November 17th, 2009

Michelle Rhee in Washington, DC
Michelle Rhee in DC Series Podcast: The Reduction in Force

( Click here to download the podcast )

Chancellor Michelle Rhee says that she laid off 229 teachers this fall because of budget cuts. Since Rhee tied the layoffs to budget cuts she was able to circumvent union rules. This has caused a controversy in the District with the teacher’s union leading the way by taking the matter to the courts.

In this interview, John Merrow interviews Jodie Gittleson, Eve McCarey, Crystal Proctor and Tina Bradshaw-Smith, four DC teachers who were laid off during the Reduction in Force (RIF).

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I am concerned that Michelle Rhee’s union busting tactics is the start of a trend that will continue in public school districts throughout the country. Unions helped to make this country strong and the power of unions provide a counter-balance to corporate and government power. The middle class is being slowly chipped away with the decimation of unions that were once strong and fought successfully for the rights of workers.

I thought it was interesting that the first teacher interviewed began with “I just graduated from school…I’m highly qualified.” Really? Not sure how she can say that. That is telling of the type of person that was laid off.

Whether Rhee “planned” this or not, it has the same effect as if she had. Letting go of seemingly good teachers while keeping Teach For America is absurd. I have worked with Teach for America as a trainer and I have some background with them. It is also, as a participant says, “backdooring the union.” How about Rhee’s own competence in the overhiring?

To Dale: She said highly qualified, not highly experienced! Qualified means she meets all the educational requirements. These don’t mean the same thing. How can you judge an entire group by that one statement?

Dale, thank you for your comment.

For all our viewers, I would like to clarify what Jodi meant when she identified herself as “highly qualified”, a designation defined by No Child Left Behind:

“To be deemed highly qualified, teachers must have: 1) a bachelor’s degree, 2) full state certification or licensure, and 3) prove that they know each subject they teach.”

Learn more at:

Michelle Rhee is on the right track! Teachers unions protect teachers whether they perform well or not. Tenure is a ticket to lifetime security where those who can’t teach hide out! Professional unions need to police themselves much more carefully if they are to be respected.

Mary says, “Michelle Rhee is on the right track! Teachers unions protect teachers whether they perform well or not.”

Please tell me, Mary, how Rhee can be on the right track if she fires teachers in the middle of a school year? If some of these teachers are shown to be very competent.

What exactly is it that respect Michelle Rhee for besides what you perceive to be her stance on unions? That she demonizes teachers? That she thinks stress is good? That she thinks cooperation is over-rated?

You sound like Dale, above, who made a sweeping generalization based on one piece of shaky information.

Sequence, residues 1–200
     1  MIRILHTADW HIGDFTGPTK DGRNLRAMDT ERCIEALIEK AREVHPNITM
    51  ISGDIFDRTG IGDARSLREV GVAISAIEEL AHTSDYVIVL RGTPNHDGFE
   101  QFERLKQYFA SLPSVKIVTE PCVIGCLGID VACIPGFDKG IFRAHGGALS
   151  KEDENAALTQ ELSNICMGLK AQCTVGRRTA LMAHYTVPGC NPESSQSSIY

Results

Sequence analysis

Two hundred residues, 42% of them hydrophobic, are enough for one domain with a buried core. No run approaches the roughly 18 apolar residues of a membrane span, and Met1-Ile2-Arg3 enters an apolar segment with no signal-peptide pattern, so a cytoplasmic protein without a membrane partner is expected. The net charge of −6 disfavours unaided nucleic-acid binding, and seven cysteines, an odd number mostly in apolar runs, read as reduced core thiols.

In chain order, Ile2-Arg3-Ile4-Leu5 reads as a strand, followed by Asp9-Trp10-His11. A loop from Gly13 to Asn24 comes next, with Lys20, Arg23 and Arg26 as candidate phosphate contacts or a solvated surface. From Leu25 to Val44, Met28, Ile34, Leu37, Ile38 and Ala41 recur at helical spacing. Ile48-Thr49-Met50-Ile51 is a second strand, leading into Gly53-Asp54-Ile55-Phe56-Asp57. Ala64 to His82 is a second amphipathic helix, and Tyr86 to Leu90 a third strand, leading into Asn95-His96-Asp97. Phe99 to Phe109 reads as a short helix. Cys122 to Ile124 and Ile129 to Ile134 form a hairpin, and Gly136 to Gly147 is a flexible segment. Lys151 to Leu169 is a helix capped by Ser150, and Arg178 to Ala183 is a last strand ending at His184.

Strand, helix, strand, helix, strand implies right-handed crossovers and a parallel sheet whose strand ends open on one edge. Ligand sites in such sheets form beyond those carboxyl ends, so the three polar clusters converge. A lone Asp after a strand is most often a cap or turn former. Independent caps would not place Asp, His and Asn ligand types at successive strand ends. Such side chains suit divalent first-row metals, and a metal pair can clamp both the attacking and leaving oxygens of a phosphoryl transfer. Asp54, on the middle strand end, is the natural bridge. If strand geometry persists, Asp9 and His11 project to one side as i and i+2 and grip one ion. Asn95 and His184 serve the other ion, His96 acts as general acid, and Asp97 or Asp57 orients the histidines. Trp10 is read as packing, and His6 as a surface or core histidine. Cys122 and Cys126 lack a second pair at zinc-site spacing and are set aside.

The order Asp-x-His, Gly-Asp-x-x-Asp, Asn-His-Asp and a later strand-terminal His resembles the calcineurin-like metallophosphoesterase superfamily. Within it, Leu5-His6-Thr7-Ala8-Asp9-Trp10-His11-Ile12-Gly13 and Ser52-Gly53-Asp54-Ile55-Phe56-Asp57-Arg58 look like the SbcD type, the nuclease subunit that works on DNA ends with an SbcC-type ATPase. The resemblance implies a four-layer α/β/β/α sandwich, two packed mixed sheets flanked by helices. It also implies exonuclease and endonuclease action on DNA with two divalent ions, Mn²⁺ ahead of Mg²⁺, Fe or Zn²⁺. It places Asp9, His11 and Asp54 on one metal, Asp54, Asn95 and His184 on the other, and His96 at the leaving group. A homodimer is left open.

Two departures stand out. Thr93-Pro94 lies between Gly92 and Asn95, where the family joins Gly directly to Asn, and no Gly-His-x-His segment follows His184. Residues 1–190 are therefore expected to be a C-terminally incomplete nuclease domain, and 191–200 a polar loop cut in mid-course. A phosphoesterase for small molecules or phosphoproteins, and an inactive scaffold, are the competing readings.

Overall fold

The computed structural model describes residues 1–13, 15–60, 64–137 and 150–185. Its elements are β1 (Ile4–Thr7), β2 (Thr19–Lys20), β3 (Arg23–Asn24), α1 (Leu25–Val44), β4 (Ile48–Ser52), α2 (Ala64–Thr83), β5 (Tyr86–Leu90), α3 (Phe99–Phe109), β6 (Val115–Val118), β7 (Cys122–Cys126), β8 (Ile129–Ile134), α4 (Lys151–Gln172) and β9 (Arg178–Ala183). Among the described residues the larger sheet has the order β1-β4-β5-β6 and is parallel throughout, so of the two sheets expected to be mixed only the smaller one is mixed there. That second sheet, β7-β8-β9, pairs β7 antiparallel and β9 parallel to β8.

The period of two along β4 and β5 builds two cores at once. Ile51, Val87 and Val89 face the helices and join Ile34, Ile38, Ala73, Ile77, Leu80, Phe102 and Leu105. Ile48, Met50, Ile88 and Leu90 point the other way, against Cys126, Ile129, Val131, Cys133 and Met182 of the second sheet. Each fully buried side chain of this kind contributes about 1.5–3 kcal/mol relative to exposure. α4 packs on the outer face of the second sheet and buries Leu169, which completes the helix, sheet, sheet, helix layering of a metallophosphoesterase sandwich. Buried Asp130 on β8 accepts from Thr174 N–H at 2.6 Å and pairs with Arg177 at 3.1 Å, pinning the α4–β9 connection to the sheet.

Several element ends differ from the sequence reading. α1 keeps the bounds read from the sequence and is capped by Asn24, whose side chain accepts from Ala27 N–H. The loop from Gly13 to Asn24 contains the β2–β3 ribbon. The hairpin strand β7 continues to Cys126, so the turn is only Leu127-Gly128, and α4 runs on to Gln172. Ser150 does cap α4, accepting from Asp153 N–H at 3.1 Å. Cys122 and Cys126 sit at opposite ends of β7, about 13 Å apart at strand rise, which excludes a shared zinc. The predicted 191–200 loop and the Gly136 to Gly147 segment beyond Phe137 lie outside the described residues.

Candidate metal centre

Thanks for getting to the heart of the matter which is the disrespect for law. You presneted at least one “smoking gun.”

MICHELLE RHEE: In D.C., we actually cannot do that. By law, we can only move a personnel action form forward if there is a vacancy at a school level, and then there is a budget to support that…

JACK EVANS, Council of the District of Columbia: I don’t believe she over-hired, with the intent then of firing teachers that she didn’t want there. I don’t think that’s what happened. And, even if it did, so what? You know, Michelle Rhee is in charge of the schools.

Even if Rhee makes shortterm improvements they can’t be sustained unless they are legal.

Mary writes: “Teachers unions protect teachers whether they perform well or not. Tenure is a ticket to lifetime security where those who can’t teach hide out! Professional unions need to police themselves much more carefully if they are to be respected.”

What unions do is uphold contracts. They are usually pretty good at it, as they invest much time and energy in fulfilling this primary function. The problem is that the administrators upholding the other end of the contract are often overworked and overextended, making it more difficult for them to do the work necessary to remove a teacher. They may also lack good evaluation programs that would have helped them intervene sooner and leave a better paper trail to support a dismissal. They may have written too many positive evaluations of teacher they hadn’t really evaluated properly. They may be hamstrung by the level of protection contained in the contract.

The solutions to all of these problems seems self evident. Improve teacher evaluations. Improve administrative workloads and training. Streamline procedures contained in contracts. None of these solutions require union-busting or unions “policing” their own members. It’s naive to ask unions to compromise and relax on contracts after they’re signed, so improve the contracts and improve the working conditions for everyone involved.

I’m not entirely satisfied with teachers’ unions, by the way. I’m a proud member, but pushing for unions to take a greater interest in the quality of our work by getting more creative in matters of evaluation and professional development. For these things to happen, we need teachers to speak up, and we need districts to come to the table in good faith with something to offer in exchange for concessions.

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